Looking at those numbers now makes me think: dang, we did pretty good. At this point though I want to say that getting the developers down to that level was not solely a function of my negotiating skill, or that of anyone else at the City. Beau Armstrong, the head of Stratus Properties — and successor to the notorious Jim Bob Moffett — decided that he wanted to comply with community values and protect the creek and springs. So we negotiated a deal which worked for Stratus financially and for the City environmentally.
That is entirely different than the WTCPUA simply deciding to give up on the impervious cover requirements — something they have already done even before settling the lawsuits. In fact, from an environmental/aquifer protection standpoint it is the total opposite of what we did in the Stratus deal.
Another difference is that on the Stratus deal, and any other environmental settlement of that magnitude, we would always post the proposed agreement for the public to review. That would take place well before a vote. We would still have Executive Sessions on the matter; although at one point on the Stratus deal we stopped having Executive Sessions completely on the topic, to avoid the perception of backroom deliberations.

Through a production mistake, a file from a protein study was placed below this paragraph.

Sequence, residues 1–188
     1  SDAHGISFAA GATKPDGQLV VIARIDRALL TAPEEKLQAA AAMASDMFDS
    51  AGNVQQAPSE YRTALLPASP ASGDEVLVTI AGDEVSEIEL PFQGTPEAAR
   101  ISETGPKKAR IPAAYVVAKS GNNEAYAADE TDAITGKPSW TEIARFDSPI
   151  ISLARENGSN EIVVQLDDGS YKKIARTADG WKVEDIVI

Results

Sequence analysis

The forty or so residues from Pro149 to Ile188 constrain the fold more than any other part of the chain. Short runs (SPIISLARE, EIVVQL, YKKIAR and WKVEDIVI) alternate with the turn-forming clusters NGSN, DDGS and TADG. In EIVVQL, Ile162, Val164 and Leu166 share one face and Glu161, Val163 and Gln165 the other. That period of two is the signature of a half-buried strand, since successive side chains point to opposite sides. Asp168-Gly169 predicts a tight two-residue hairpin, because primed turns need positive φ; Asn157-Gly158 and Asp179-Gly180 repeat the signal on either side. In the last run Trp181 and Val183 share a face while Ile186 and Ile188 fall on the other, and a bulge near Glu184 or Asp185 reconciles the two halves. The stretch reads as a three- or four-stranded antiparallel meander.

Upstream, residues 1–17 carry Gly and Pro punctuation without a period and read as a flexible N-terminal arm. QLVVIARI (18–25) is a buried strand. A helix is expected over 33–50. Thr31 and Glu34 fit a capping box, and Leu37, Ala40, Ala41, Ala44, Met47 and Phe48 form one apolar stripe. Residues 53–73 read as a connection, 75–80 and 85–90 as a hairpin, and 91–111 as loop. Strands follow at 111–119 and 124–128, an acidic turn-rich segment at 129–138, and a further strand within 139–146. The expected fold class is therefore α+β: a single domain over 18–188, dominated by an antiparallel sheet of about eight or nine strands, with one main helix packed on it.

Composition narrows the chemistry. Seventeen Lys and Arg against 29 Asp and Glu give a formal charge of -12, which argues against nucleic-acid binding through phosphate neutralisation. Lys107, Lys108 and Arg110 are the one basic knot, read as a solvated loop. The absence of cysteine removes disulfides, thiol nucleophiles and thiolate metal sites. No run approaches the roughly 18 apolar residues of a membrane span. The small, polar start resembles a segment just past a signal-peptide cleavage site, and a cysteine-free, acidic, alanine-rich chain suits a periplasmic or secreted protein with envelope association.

In the WTCPUA’s case, no settlement agreement has been posted as of Wednesday afternoon. Nor has a proposed agreement been posted on the two earlier recent occasions when the agenda featured items to approve a settlement. Perhaps on the earlier occasions no backup/draft agreement was posted because the Board and the plaintiffs/developers were unable to come to a final agreement. If that is the case, it begs the question, why post the agenda item if the parties have not reached a settlement? Perhaps it is some sort of strategy by the board in a back and forth with the developers. It is, however, a policy that at best is designed to draw public suspicion and at worst to try to speed through a deal before the public has adequate time to examine it.
I think the agreements I worked on actually got better as a result of them going out for public review. I know that Jon Cobb and others think there are some environmental and neighborhood folks who will never agree to a deal. I do not know whether that is the case in the Bee Cave area, but I do know that it was the case on the Stratus agreement and other settlements in Austin.